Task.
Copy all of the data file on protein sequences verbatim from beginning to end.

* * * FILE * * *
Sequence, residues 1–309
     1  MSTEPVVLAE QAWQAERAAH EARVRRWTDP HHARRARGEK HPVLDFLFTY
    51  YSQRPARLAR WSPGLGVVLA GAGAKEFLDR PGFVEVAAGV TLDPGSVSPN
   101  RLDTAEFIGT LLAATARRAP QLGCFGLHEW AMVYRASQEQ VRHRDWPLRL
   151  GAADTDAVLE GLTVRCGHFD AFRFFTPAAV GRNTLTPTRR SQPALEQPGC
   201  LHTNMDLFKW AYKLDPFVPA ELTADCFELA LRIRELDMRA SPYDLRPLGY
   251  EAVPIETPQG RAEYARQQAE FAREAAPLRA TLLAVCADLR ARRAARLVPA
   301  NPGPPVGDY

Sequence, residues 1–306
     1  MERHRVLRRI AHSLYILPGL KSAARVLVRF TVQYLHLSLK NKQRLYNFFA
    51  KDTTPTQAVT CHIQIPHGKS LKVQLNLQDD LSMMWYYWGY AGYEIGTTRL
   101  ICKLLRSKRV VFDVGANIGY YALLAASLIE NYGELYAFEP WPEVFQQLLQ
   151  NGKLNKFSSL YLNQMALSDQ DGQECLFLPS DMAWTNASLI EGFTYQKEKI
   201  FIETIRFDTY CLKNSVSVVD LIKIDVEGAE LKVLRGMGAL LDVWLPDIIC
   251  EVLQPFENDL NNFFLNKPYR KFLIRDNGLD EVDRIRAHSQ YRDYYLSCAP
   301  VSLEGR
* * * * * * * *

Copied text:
Sequence, residues 1–309
     1  MSTEPVVLAE QAWQAERAAH EARVRRWTDP HHARRARGEK HPVLDFLFTY
    51  YSQRPARLAR WSPGLGVVLA GAGAKEFLDR PGFVEVAAGV TLDPGSVSPN
   101  RLDTAEFIGT LLAATARRAP QLGCFGLHEW AMVYRASQEQ VRHRDWPLRL
   151  GAADTDAVLE GLTVRCGHFD AFRFFTPAAV GRNTLTPTRR SQPALEQPGC
   201  LHTNMDLFKW AYKLDPFVPA ELTADCFELA LRIRELDMRA SPYDLRPLGY
   251  EAVPIETPQG RAEYARQQAE FAREAAPLRA TLLAVCADLR ARRAARLVPA
   301  NPGPPVGDY

Sequence, residues 1–306
     1  MERHRVLRRI AHSLYILPGL KSAARVLVRF TVQYLHLSLK NKQRLYNFFA
    51  KDTTPTQAVT CHIQIPHGKS LKVQLNLQDD LSMMWYYWGY AGYEIGTTRL
   101  ICKLLRSKRV VFDVGANIGY YALLAASLIE NYGELYAFEP WPEVFQQLLQ
   151  NGKLNKFSSL YLNQMALSDQ DGQECLFLPS DMAWTNASLI EGFTYQKEKI
   201  FIETIRFDTY CLKNSVSVVD LIKIDVEGAE LKVLRGMGAL LDVWLPDIIC
   251  EVLQPFENDL NNFFLNKPYR KFLIRDNGLD EVDRIRAHSQ YRDYYLSCAP
   301  VSLEGR